An important piece of the Beatles' history is headed for the auction block.

ABC News Radio reports that on Sept. 19, Heritage Auctions will sell off a block of Beatles memorabilia that includes the group's first recording contract. Signed in 1961, it led to the session that produced their German-market cover of "My Bonnie Lies Over the Ocean" — which, in turn, led to the band's career-making partnership with manager Brian Epstein.

"This is perhaps the most historically important Beatles document to ever appear at an auction," argues Heritage's Dean Harmeyer. "Without this contract, which directly led to their involvement with Brian Epstein, the Beatles may have never been able achieve their later success as a recording group. And at the time it was a momentous career milestone — they'd finally secured an actual recording deal, something they had only dreamed of before 'My Bonnie.'"

As unknowns, the members of the Beatles — including drummer Pete Best, who'd yet to be replaced by Ringo Starr — didn't exactly get rich on the recording, which was issued by the German branch of the Polydor label in late 1961; according to the Heritage site, they "were paid what amounted to about $20 each." The contract is expected to fetch roughly $150,000 at auction.

It's being sold as part of the much longer list of items that make up the Uwe Blaschke Beatles Collection, a career-spanning stockpile being sold off by the estate of the German graphic designer who "amassed one of the finest collections of Beatles material in Europe, if not the world, much of which was displayed at a dedicated Beatles museum in Hamburg, Germany." Other items include a signed copy of "Love Me Do" and a photo of a 17-year-old George Harrison.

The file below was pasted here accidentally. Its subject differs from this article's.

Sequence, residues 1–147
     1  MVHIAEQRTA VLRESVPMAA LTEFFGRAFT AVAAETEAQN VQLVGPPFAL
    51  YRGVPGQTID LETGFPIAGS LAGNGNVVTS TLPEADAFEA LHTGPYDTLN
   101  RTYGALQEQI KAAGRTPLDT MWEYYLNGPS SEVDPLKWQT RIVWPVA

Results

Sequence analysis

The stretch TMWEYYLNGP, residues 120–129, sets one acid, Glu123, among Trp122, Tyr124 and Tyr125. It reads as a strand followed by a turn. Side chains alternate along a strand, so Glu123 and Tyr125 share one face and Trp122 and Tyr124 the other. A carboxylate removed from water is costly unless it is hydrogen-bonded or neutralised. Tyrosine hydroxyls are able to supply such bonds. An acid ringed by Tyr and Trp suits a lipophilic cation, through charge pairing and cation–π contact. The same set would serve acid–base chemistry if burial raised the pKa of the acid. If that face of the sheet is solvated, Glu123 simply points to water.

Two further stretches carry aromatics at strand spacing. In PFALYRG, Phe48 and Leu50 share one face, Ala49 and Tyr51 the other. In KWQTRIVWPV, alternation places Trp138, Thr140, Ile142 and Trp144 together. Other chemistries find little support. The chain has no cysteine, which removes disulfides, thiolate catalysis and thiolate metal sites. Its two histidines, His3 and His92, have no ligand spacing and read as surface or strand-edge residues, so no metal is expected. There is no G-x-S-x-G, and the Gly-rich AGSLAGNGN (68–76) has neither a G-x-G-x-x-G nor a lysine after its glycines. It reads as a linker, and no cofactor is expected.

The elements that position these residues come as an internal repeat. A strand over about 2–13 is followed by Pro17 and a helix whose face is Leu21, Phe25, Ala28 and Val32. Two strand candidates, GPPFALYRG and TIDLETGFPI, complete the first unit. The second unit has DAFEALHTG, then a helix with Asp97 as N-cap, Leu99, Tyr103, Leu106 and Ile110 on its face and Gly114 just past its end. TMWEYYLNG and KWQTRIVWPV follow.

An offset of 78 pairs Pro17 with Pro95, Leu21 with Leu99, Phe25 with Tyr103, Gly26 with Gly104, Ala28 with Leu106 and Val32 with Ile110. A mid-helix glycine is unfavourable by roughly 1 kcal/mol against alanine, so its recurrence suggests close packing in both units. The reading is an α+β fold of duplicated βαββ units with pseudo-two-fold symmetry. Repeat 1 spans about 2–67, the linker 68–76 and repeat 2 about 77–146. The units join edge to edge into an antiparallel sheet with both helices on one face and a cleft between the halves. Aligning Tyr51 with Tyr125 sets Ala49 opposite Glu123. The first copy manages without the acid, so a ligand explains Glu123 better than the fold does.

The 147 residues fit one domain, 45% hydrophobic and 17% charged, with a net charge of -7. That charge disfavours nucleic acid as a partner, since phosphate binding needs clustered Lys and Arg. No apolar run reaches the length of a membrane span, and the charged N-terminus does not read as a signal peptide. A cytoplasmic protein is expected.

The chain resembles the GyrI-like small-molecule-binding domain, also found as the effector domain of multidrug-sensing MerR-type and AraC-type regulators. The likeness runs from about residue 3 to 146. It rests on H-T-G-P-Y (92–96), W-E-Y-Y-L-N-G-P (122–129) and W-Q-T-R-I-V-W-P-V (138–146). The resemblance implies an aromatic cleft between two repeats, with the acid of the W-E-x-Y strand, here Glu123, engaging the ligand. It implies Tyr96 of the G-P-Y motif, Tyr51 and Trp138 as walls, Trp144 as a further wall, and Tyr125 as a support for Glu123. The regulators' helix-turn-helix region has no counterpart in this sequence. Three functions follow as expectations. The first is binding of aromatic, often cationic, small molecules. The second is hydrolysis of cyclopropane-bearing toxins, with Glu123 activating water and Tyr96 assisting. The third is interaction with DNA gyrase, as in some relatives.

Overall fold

Author and Beatles expert Ulf Krüger, who helped Blaschke open the museum, tells Heritage that "This collection opens a window to a part of Beatles history that's not well known internationally. John Lennon himself famously said he was born in Liverpool but grew up in Hamburg and this collection documents that transition. There's really nothing comparable to it in the entire world."

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